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Crisis over shortage of Remdesivir, Fabiflu to end by next fortnight
New Delhi, May 1 - Though dire shortages of Covid-19 related medicines, seeing price spikes on the black market, the country's apex chemist body have assured that a sizable increase in supply of important life saving drugs from manufacturing companies would 'end the crisis' by next fortnight in India.
"An unprecedented surge in demand of some crucial medicines, used in treating Covid patients, has created a mess. Now companies like Cipla or Cadila, and others have increased production of vials manifolds. We promise supplies will be sufficient, "Rajiv Singhal, General Secretary of All India Organisation of Chemists and Druggists(AIOCD), representing over 9.50 lakh chemists across the country, told IANS.
Explaining the reason behind the shortage and delay in supply of Remdesivir, a life saving drug for critically ill Covid patients, J.S. Shinde, President, AIOCD said that for production of a single batch of this drug, it takes around 15-16 days.
"Remdesivir cannot be produced immediately. It involves a cycle of 15 days, plus 3 to 4 days in packaging and roll out. But now several manufacturers (around 7 to 8) have got licence and have ramped up production," said J.S. Shinde while adding: "Presently the distribution of Remdesivir is from concerned manufacturers to its distributors. The stock goes straight to hospitals from the distributors under supervision of the state government. In this chain of supply, the chemists are not involved, so they can't be blamed for hoarding."
Elaborating on a large scale requirement of life saving drugs for critical Covid patients, Rajiv Singhal said that taking note of daily cases of around 3.75 lakh in India, at least 70,000 patients would need a Remdesivir injection. "As each patient requires 6 vials, the country would need over 4 lakh Remdesivir injections every day. We hope as most manufacturers have ramped up their production, the crisis of short supply of Remdesivir would be over," the General Secretary of AIOCD added. According to him, other medicines like Fabiflu and Tocilizumab were also in shortage due to sudden surge in demand. In many cases stock is not reaching chemists. Besides there were problems in procuring raw material for manufacturing Fabiflu which comes from abroad.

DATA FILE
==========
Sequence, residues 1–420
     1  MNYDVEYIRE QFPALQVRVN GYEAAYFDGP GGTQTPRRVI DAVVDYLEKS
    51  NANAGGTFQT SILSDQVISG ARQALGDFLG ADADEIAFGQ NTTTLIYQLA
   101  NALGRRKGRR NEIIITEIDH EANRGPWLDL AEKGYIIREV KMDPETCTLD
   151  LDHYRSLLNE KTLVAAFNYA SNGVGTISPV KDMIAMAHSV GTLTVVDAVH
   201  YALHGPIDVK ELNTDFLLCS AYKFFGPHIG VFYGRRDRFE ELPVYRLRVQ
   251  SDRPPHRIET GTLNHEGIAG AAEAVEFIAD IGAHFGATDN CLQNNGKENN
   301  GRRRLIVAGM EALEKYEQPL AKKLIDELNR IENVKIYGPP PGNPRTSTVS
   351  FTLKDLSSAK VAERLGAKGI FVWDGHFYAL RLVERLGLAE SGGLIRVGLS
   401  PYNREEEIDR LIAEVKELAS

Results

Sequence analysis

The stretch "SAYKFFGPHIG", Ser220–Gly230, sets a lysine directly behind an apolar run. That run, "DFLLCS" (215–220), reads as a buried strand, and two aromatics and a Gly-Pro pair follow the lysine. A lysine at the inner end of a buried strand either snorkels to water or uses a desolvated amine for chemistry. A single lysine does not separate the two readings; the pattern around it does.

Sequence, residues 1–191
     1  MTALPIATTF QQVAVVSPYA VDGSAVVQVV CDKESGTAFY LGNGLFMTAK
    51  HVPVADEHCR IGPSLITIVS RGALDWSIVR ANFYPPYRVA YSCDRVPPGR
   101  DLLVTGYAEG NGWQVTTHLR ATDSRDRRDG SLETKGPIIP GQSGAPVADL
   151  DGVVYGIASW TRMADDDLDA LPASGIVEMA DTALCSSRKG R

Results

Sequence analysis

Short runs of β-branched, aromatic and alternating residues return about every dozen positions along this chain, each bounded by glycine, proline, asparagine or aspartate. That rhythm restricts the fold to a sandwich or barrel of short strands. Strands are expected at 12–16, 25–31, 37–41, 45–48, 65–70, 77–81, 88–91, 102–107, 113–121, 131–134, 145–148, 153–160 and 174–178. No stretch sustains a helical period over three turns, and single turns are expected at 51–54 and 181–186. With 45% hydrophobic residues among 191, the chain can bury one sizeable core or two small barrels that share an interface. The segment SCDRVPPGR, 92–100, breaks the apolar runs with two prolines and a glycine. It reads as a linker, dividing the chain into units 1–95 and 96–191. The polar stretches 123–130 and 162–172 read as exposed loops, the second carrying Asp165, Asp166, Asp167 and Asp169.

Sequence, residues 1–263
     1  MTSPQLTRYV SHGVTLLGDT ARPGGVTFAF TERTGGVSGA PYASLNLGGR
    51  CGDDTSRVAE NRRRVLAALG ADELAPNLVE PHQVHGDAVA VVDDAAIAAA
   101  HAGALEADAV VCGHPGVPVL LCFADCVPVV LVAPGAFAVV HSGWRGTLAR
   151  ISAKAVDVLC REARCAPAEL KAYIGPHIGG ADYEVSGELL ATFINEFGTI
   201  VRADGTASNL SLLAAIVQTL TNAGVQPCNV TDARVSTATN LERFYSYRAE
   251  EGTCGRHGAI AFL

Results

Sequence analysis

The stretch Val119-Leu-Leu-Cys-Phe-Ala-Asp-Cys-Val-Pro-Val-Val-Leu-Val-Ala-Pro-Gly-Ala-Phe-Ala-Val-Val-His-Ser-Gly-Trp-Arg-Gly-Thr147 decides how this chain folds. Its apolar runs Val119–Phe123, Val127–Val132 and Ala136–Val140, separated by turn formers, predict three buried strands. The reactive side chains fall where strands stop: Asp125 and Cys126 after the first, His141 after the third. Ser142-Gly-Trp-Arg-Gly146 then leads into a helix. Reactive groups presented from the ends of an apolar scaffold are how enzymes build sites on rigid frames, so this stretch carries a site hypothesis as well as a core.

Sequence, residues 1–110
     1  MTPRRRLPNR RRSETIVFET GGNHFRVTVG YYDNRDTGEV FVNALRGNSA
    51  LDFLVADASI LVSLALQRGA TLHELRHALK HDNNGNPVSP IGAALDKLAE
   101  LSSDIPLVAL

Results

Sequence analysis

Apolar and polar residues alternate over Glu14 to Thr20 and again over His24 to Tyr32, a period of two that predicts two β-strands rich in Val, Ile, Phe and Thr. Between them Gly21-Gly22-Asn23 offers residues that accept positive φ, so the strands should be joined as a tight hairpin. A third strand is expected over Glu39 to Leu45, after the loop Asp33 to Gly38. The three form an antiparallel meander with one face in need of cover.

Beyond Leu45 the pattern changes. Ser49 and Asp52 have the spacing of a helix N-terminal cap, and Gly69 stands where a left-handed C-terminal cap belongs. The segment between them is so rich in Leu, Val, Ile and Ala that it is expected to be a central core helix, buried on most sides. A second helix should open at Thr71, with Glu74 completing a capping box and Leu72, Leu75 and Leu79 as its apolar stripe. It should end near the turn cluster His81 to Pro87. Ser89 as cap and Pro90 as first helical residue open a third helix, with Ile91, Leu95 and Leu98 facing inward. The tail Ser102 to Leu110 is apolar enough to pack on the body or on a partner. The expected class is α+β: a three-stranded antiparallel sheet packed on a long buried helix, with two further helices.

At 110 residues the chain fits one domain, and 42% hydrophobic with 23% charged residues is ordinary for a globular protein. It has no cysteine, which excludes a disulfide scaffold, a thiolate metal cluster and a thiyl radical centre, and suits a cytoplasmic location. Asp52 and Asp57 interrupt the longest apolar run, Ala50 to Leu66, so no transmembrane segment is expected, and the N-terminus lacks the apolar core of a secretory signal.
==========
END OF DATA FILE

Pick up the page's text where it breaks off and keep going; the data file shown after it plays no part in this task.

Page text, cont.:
On shortage of Betadine gargle, recommended for prevention of Covid-19 by many doctors, Rajiv Singhal said that due to a surge in demand of Betadine, its manufacturing company could not meet the present requirement of the market. "Let me tell you, people who need one bottle of Betadine, now buy 4 bottles. Everyone who can afford, wants to store such drugs. Actually this type of mindset of storing crucial medicines at home, is the reason behind the present shortage of certain medicine since the past one month. To be precise, after the second wave of Covid has affected us, people have started storing medicines, even vitamin C tablets," said Mr Singhal, a veteran in medicine trade for the past few decades.
Both the key functionaries of AIOCD, J.S. Shinde and Rajiv Singhal, denied involvement of any chemists in selling life saving drugs like Remdesivir in black market. "We have one of the biggest networks of chemists which goes into lakhs. But you cannot name one chemist involved in selling this vial in black market. We have clarified earlier, that on government's order this drug is now distributed directly to hospitals. In fact, ward boys, staff of a few hospitals have been caught red handed selling such drugs in black market. By the way, clear instructions have been given to our members, that Organisation will not defend any chemist found hoarding any drugs," Rajiv Singhal, General Secretary AIOCD said.
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